Elaine Pagels, Why Religion? A fine but flawed book

Elaine Pagels, Why Religion?  A fine but flawed book.

A recent (2018) book by Elaine Pagels, Why Religion?, has garnered great reviews.   It’s a brave book, telling the story of the death of her six-year-old son from a long illness, and then her husband in a hiking accident, both in the space of about a year.  It’s been almost thirty years since these tragedies, and the reader gets the sense that it took her this long to tell the story.  Or rather, to weave her story of loss together with the place of religion in her life, and our collective lives.

I admire the book, but I have a problem with it.  She seems unaware that people who are not well-off and famous might have a different experience of loss.  She aims to be realistic about the politics of religious belief, but perhaps there is also a politics of loss, or better a political economy of loss.  About this she says not a word. 

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Basics of Bonhoeffer

Basics of Bonhoeffer.  Dietrich Bonhoeffer was not a systematic thinker, and I’ve had difficulty finding the themes that connect his thought.  One problem is that his early writings, such as The Cost of Discipleship, differ from his latter writings, especially his Letters and Papers from Prison, written in the two years between his arrest and murder by the Gestapo when his link to the plot to assassinate Hitler was uncovered. 

I’ve focused on his Letters, which ask how a Christian is to live in a world that barely pretends to believe in God, a question that has become more pressing in recent years, at least in the Western world.  I believe these themes summarize the thought of the mature Bonhoeffer, who died at the age of 39.  To speak of the “mature Bonhoeffer” who died so young might sound silly, but by then he had been a mature thinker for years. 

An earlier post addresses The Cost of Discipleship; another post addresses his religionless Christianity.”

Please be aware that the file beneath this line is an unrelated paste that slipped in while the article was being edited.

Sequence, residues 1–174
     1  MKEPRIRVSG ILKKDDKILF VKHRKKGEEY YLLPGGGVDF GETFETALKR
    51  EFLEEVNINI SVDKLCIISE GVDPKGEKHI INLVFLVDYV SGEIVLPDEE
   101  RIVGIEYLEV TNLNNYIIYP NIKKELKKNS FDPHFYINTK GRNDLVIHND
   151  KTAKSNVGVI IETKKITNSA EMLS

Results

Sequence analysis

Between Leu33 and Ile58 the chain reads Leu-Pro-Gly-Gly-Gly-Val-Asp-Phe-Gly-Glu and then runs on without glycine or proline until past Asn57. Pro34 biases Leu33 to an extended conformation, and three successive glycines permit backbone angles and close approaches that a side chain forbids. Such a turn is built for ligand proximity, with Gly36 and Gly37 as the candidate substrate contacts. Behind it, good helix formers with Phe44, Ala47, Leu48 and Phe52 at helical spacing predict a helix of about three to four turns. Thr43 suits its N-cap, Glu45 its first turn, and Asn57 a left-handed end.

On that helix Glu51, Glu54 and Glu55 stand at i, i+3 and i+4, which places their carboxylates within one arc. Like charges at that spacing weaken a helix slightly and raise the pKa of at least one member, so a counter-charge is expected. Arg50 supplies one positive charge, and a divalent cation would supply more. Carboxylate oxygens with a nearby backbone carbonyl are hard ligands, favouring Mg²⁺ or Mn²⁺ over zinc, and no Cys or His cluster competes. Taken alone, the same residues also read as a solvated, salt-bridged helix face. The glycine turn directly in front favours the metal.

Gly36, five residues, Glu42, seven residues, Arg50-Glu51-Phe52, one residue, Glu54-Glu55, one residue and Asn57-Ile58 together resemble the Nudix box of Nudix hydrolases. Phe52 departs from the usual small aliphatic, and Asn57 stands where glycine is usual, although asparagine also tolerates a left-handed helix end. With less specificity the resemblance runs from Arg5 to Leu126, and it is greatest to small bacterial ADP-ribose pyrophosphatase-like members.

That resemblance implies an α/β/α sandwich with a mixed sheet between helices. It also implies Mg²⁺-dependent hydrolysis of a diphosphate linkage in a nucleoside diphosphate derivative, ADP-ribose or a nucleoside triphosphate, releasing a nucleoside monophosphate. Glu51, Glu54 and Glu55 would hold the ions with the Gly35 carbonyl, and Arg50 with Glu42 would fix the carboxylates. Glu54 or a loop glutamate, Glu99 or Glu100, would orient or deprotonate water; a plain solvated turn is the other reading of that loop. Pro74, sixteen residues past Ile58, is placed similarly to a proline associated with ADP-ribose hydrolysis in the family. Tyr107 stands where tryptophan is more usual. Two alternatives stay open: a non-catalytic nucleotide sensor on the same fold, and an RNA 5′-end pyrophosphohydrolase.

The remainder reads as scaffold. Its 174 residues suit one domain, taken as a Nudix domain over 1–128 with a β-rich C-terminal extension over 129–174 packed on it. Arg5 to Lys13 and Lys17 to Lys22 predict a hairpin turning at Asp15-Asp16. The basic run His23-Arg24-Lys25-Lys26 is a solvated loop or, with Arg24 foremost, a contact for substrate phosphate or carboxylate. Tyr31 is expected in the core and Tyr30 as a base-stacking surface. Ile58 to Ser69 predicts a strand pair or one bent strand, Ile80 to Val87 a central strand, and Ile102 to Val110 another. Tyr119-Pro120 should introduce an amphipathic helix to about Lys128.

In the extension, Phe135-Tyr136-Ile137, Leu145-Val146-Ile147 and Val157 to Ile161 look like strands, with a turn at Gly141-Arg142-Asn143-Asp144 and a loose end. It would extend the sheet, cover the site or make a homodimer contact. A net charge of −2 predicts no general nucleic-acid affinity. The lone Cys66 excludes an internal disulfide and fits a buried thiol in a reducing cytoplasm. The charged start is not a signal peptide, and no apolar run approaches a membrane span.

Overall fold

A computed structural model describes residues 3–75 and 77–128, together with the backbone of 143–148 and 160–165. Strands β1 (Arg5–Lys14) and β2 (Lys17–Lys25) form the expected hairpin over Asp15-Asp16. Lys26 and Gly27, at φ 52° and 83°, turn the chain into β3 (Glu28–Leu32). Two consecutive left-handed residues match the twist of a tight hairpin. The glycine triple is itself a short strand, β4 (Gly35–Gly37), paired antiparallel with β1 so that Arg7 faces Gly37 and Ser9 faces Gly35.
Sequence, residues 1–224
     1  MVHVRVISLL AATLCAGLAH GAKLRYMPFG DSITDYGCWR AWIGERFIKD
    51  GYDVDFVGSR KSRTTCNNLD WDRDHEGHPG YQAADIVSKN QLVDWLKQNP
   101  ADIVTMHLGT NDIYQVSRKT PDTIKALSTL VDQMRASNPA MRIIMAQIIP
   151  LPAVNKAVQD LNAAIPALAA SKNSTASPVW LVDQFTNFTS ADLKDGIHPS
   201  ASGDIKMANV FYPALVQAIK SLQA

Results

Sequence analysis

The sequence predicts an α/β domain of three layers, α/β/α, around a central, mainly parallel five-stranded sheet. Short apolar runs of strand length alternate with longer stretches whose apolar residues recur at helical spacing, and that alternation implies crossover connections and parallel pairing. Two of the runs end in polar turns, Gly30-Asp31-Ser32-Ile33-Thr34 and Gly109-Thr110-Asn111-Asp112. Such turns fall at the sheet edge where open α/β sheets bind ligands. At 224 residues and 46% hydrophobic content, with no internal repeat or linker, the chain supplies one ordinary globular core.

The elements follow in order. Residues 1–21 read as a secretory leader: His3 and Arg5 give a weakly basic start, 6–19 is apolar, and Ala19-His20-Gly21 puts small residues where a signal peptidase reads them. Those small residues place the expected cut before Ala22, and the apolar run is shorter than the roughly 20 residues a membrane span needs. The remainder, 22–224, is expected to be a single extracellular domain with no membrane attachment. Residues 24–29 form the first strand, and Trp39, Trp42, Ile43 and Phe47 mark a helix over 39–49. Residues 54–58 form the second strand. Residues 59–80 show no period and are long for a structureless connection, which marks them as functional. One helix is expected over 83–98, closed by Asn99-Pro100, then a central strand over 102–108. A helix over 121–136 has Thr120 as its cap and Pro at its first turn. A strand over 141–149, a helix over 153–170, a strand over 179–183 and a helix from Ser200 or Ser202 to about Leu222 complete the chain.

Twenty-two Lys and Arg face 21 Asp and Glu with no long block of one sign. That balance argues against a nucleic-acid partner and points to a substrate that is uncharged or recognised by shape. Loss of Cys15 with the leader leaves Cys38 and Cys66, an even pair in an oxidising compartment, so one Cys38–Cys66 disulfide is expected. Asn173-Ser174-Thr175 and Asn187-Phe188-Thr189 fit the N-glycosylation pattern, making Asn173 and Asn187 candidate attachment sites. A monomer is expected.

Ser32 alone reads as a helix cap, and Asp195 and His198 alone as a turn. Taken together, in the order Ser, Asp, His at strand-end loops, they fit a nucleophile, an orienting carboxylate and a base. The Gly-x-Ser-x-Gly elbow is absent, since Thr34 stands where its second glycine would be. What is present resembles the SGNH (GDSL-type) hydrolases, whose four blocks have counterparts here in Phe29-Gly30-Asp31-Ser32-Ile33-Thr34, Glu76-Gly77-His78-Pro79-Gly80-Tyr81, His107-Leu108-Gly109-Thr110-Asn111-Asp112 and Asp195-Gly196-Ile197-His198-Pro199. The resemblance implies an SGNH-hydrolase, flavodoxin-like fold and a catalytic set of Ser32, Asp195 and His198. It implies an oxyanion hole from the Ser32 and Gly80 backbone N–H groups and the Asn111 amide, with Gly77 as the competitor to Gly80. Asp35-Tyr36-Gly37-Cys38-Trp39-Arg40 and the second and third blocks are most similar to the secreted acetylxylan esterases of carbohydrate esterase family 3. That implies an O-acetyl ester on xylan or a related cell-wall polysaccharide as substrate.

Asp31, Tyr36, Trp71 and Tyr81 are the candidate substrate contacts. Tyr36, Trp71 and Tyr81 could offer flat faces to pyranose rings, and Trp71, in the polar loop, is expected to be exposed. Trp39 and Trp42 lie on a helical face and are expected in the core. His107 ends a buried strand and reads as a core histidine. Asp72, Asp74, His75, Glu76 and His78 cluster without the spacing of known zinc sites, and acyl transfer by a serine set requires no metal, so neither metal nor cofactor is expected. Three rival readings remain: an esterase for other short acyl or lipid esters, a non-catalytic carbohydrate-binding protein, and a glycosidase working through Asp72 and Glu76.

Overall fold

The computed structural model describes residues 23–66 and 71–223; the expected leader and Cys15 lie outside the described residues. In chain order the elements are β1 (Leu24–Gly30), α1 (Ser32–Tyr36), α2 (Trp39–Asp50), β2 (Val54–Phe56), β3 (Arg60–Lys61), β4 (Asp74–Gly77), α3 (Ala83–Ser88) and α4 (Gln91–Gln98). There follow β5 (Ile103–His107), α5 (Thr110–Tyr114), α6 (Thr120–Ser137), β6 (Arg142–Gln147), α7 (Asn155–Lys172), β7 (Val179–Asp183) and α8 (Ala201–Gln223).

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The Unknown Thomas Merton

The Unknown Thomas Merton.  In the late 1940’s, 1950’s and 1960’s, Thomas Merton was the most well-known and admired Catholic monk in North America.  Seven Story Mountain, his autobiography written while he was still young, was one of the best-selling books of 1949, going on to sell over four million copies.  It has never been out of print.  During his lifetime he published over 70 books.  He belonged to the Trappist order, remaining at the Abbey of Gethsemani, in Kentucky, United States, from 1941 until his sudden death in 1968 at 53 years.  In his later years he became interested in Zen Buddhism.  It was at an ecumenical conference in Bangkok that he was accidentally electrocuted. *

A lonely man

These facts tell us virtually nothing about who he was, nothing interesting anyway.  Merton’s mother died when his was six, and his father died when he was sixteen, leaving him well provided for.  Even before his father’s death he was raised by a series of relatives and at boarding schools.  During his entire life Merton never worked for wages, but there are more important things in life than money, such as a stable home and loving parents.  Merton had neither.

In a previous post I discussed Merton’s mystical version of Christianity.   This post tries to figure out who he was as a man.  The simplest and most important thing to say is that he was terribly lonely, longing for love.  His solution, which never really worked, was to abandon himself to God, thus eliminating his needy self.   One of his biographers writes that “when the Gethsemani gates closed behind him, Merton tasted freedom even though he was within four walls.”  (Shaw, loc 925) If we can understand that, we can understand Merton. 

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